I've been working on a fantasy story that explores the creation and evolution of religion. But I'm struggling with what I'm fundamentally trying to say regarding religion.

When I first began, I was much more militantly atheist than I am now, and my original plan was to build toward a grand exposure of a particular religion, as being merely an exaggerated, much-embellished portrayal of an event from ancient history.

But since then my own views have evolved. I'm still non-religious, but I better understand why some people have a faith, and the original conclusion to my story lacks the depth I desire.

Now I'm at a loss. I'm thinking of building the story as focusing on several characters who each view religion in different ways, following their growth. But I'm not sure how to do that, and I'm not even really sure what I'm trying to say. I've tried listening to speakers discussing the philosophy of religion, to try and find something that clicked for me, but that was no help.

Where do I go from here, and how can I finish my story?

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    Hi there, I'm not entirely sure what your actual question is? Perhaps you could edit and re-format so that it's not a wall of text? At the moment, it looks like you are asking "what to write" which isn't on topic here, but I thought I'd give you the opportunity to edit before voting to close
    – user18397
    Jun 20, 2018 at 2:01
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    Hey, I would love to help you, but unfortunately it is unclear to me, what exactly you are asking. If you could specify it more clearly it would be easier to help you
    – Pawana
    Jun 20, 2018 at 6:05
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    ani: I've rewritten your question to make it clearer and, I hope, easier to answer helpfully. I hope my edit is true to your intentions and your actual problem -- if I got this wrong, please say so :)
    – Standback
    Jun 20, 2018 at 7:35
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    IMHO, after my edit, the question is answerable. I've voted to reopen (and intend to answer).
    – Standback
    Jun 20, 2018 at 11:03
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    Voted to re-open. Question is about losing faith (the irony) in a story's original premise. Seems like a universal question that would fit a lot of writers (not just "religion" as a topic).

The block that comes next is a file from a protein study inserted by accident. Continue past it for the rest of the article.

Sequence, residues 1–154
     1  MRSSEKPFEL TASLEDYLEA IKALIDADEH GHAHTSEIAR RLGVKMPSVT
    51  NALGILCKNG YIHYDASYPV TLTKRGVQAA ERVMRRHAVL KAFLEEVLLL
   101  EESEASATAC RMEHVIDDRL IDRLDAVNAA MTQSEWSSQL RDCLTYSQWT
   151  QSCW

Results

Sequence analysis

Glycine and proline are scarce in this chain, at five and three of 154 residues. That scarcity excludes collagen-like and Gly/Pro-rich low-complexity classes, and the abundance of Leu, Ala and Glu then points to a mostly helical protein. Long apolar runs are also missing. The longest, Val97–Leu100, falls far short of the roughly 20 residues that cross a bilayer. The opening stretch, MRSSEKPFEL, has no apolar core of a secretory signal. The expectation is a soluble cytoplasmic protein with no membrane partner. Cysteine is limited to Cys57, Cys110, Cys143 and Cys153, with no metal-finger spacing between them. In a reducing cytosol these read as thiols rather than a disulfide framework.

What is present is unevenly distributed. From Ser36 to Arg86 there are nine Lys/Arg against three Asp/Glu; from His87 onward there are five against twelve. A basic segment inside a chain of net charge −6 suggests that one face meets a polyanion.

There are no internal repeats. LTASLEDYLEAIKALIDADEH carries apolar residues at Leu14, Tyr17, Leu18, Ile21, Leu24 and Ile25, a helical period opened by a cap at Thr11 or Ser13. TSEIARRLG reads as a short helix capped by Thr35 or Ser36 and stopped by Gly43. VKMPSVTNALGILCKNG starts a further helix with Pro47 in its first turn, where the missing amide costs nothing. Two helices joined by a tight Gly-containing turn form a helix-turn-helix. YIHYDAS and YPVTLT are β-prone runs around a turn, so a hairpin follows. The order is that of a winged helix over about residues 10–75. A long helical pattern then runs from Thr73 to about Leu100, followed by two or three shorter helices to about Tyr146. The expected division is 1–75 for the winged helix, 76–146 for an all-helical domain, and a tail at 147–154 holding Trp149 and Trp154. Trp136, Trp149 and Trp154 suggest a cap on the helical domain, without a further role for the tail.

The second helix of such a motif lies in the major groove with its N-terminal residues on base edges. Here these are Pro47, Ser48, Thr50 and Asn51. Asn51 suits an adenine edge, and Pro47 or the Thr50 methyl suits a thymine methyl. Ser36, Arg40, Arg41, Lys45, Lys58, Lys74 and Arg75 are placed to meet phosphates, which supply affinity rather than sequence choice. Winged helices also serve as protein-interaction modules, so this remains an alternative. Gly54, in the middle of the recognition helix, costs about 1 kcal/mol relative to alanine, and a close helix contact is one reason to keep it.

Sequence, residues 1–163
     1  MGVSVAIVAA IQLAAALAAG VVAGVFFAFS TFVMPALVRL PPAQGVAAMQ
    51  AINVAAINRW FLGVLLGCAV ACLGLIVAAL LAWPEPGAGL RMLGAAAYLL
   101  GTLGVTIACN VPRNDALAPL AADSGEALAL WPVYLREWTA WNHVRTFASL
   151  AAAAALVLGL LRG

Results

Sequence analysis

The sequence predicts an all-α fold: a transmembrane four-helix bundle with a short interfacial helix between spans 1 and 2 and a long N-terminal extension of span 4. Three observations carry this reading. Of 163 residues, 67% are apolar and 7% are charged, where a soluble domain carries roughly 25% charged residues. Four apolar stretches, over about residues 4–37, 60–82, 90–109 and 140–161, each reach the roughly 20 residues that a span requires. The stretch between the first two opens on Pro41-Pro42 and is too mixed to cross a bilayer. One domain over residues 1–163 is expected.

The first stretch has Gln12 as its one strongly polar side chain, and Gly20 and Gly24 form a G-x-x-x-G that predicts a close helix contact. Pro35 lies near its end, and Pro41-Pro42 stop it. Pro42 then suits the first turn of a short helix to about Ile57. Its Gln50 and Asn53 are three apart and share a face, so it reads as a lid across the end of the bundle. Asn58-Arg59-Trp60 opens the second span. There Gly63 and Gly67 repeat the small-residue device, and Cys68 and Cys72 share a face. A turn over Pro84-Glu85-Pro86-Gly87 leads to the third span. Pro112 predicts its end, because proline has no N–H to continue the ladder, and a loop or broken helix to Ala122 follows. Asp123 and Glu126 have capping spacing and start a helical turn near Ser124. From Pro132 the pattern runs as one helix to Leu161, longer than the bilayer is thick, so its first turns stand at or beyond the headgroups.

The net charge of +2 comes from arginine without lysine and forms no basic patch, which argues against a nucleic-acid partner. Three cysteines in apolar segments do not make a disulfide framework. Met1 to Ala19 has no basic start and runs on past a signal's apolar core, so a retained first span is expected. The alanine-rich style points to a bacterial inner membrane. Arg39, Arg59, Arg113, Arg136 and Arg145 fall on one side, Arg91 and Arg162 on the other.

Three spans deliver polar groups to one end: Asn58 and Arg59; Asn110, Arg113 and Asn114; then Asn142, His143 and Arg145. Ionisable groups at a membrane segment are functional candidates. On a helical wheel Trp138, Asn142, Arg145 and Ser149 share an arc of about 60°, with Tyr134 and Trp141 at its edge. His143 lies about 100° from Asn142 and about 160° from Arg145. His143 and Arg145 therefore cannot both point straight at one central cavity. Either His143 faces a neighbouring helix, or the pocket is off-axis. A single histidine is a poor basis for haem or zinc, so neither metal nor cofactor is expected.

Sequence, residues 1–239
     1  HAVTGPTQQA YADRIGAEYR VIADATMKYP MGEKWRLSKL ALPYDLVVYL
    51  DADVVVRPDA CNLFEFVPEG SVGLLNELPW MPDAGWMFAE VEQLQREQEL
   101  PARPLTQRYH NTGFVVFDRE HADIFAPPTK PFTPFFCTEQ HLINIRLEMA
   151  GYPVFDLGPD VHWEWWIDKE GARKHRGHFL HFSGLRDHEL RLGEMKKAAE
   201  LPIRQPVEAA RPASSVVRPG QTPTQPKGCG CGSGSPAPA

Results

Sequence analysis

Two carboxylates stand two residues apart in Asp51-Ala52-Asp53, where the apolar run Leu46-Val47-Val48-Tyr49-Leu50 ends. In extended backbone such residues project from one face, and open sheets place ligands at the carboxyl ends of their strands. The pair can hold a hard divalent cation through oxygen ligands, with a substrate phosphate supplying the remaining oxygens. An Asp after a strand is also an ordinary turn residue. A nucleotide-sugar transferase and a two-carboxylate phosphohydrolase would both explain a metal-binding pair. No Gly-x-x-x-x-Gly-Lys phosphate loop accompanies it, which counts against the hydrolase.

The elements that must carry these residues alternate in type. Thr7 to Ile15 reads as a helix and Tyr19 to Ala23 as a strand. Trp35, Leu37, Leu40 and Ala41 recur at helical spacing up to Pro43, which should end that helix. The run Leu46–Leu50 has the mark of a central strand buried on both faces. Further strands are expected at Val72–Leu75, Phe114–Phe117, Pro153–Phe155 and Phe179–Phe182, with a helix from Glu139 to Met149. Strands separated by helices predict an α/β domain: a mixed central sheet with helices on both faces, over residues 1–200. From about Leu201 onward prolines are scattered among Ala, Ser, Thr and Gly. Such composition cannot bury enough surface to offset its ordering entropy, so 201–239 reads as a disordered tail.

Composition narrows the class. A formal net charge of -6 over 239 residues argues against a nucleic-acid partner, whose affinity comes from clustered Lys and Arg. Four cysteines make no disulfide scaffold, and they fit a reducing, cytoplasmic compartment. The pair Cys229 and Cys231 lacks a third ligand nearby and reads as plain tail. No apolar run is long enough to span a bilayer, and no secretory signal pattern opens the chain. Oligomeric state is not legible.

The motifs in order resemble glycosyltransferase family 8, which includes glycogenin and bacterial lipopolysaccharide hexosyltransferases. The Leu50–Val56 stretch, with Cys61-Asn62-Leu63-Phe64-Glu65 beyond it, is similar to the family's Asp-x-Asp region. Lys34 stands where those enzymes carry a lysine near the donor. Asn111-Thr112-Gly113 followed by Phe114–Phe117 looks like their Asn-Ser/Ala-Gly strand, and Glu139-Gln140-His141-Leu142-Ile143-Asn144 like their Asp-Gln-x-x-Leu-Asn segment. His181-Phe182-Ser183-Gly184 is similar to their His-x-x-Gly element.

– wetcircuit
    Jun 20, 2018 at 11:25

5 Answers 5


So maybe there's hope that you can still be redeemed! :-)

I'd say that if you can write a story that fairly presents multiple points of view on a controversial issue, like religion or politics, you're a rare person, and I applaud you for seriously trying.

I've read lots of stories that involve some controversial question, and it is no mystery at all which side the author is on. The people who agree with him are all intelligent and likable and reasonable, and the people who disagree with him are all either silly stereotypes, complete idiots, or violent extremists.

Every now and then I read a story that gives a fair shake to multiple sides, and I'm impressed. An example that comes to mind is the movie, "Other People's Money". It's a story about an investment banker trying to take over a failing corporation, with the intent of shutting down the company and selling the assets at a profit. In the crucial scene, there is a stockholder's meeting where the president of the company gives a speech about how it is wrong to destroy this company just because fluctuations in the stock market make it so that at this instant the company's assets are worth more than the value of the stock. Then the banker gives a speech about how this company is no longer serving a useful economic purpose, and the best thing to do is to shut it down and sell the assets to other companies that will use them more efficiently. I thought both speeches were well done, the sort of thing that the people on each side might actually say. (And I found it quite surprising that Hollywood would make a movie about such an esoteric subject, never mind one that was intelligent and fair.)

Some ideas on how to be fair to all sides: